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Hello to all the authors out there!

This week’s question comes from a gal who’s working on her next book. As many have or will discover, getting the book written is just the beginning of the journey. The next step, editing, is extremely important, which is why I picked this question.

Dear Mimi,
How do you find an editor who fits you? Or helps with your writing?- Barb

Dear Barb,
This is a great question, because it’s something that confuses even the most seasoned authors out there! I have literally interviewed and worked with dozens of editors from the most prestigious publishing houses to the unknown indie-geared editors. There’s a lot that goes into finding the right people.

Okay, so first things first:
KNOW WHAT KIND OF EDITOR YOU’RE LOOKING FOR. There a varying definitions in the industry, so it starts with knowing what you need and then often comes down to specifically asking what an editor does/doesn’t do. I met one editor who said she did line editing but really didn’t. She just did big-picture concept stuff.

So you have to know your stuff because you could end up paying a lot of money and not get what you need.

Basically, there are four kinds of edits, though some editors cover one or more of these categories:

The developmental editor does just what you think he/she does. They address the big-picture stuff along with all creative aspects such as plotting (Does it make sense? Is it gripping enough? Are there holes?), character development/ARC, character likability, voice, pace of your story, emotional tone (and inconsistencies in tone), setting, atmosphere, and a bunch of other ingredients that tie into the actual storytelling.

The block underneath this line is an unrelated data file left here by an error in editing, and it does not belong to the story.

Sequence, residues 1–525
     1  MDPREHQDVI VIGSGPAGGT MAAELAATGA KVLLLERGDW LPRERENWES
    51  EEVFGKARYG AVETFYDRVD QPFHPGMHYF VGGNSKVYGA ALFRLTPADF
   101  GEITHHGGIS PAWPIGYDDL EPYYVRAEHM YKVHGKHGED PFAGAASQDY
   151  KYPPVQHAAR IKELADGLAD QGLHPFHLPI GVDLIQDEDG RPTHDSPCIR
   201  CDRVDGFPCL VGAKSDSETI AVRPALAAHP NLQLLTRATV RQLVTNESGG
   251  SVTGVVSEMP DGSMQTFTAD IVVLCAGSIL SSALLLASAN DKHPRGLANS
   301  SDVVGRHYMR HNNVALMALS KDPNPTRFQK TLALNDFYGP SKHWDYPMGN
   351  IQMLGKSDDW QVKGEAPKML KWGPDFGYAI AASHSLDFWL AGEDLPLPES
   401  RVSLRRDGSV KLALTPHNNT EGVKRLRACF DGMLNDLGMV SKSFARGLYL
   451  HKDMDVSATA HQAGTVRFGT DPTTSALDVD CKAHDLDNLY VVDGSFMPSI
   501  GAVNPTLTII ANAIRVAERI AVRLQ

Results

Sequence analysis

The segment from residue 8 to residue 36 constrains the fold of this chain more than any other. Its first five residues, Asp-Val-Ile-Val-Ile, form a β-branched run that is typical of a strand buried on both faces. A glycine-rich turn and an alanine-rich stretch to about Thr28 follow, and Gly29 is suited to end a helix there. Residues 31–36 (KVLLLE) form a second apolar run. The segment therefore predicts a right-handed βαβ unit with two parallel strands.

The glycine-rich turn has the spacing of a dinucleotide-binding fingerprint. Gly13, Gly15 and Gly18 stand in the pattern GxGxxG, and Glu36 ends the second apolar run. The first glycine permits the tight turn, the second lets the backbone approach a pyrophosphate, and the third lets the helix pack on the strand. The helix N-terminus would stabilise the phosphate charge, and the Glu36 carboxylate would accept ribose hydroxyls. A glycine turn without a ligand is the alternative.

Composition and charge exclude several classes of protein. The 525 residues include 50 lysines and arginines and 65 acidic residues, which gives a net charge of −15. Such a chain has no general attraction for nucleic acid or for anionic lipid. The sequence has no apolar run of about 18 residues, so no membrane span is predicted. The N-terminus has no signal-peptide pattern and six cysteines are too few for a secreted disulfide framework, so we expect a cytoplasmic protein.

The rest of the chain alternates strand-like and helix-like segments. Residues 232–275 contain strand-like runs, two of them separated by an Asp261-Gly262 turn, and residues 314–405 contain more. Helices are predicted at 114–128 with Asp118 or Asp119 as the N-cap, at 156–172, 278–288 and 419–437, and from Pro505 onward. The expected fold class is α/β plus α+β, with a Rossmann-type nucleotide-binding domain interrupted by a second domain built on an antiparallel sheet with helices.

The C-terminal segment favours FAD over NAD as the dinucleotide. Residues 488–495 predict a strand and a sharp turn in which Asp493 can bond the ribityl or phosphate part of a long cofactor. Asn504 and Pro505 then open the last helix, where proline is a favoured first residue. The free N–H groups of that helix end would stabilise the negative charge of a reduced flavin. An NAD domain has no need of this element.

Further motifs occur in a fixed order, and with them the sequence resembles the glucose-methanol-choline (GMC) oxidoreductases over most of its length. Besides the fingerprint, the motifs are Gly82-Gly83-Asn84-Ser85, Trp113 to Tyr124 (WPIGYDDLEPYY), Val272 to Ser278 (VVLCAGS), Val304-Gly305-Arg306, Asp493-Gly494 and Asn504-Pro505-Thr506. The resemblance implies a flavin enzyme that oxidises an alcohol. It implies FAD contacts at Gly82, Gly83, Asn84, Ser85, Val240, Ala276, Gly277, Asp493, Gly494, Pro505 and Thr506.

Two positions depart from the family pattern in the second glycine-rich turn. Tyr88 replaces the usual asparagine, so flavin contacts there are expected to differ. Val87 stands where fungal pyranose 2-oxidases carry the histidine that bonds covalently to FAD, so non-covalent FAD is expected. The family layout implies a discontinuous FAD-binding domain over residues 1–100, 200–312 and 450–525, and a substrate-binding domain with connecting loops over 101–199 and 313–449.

A purely developmental editor will focus on elevating the story by pointing out elements that aren’t working as well as what is working. They will even suggest characters/chapters that need rewrites—add more detail, reduce detail, make sexy time steamier, etc.

But think of the developmental editor as your first stop. Their job is to answer this question: What can make this awesome story even better?

And if your book is just not working, they’ll be your story doctor.

The line editor will also look at your story from a creative aspect, but focuses more on HOW you’re telling the story. Word choices, tightening sentences, adding more detail to a sentence to give it more emotional impact, pace, voice consistency, etc.

I like to think of line editors as your friendly neighborhood wordsmith. They cut the fat, they add the seasoning, and they help push your book over the creative finish line.

Once you believe your story is ready, meaning your heroine can’t possibly be any more kickass, your hero can’t get hotter, and your sentences are tighter than a virginal bride in the 1600s, then it’s time to move your book-baby down the production line to the left-brained people and submit it to the grammar police.

In short, a copyeditor looks specifically at the “correctness” of your words and punctuation, but they don’t stop there. They also fact-check you. For example, if you write: The Titanic did sunk in 2012.

They will send you back a correction like this: The Titanic did sunk sank in 2012 1912.

They will often include a note in the manuscript like this: Mimi, here’s the website I used to check this date.

The copyeditor’s role is all about correct punctuation, correct grammar, and accuracy with regards to the use of a word (right word used in the right spot) as well as the accuracy of the facts you’ve inserted in your manuscript. They’ll even look for inconsistencies in your timeline or errors in your character descriptions (i.e., he suddenly has blue eyes when they’ve been brown all along).

The copyeditor will take notes and create a sort of “guide” for your book to capture key plot and character information, slang words, made-up words, and grammatical style preferences (such as, if you use blonde or blond when referencing a woman’s hair).

Here’s a great article with more examples, comparing line editors versus copyeditors:

4. PROOFREADER (Yes, they are editors, too.)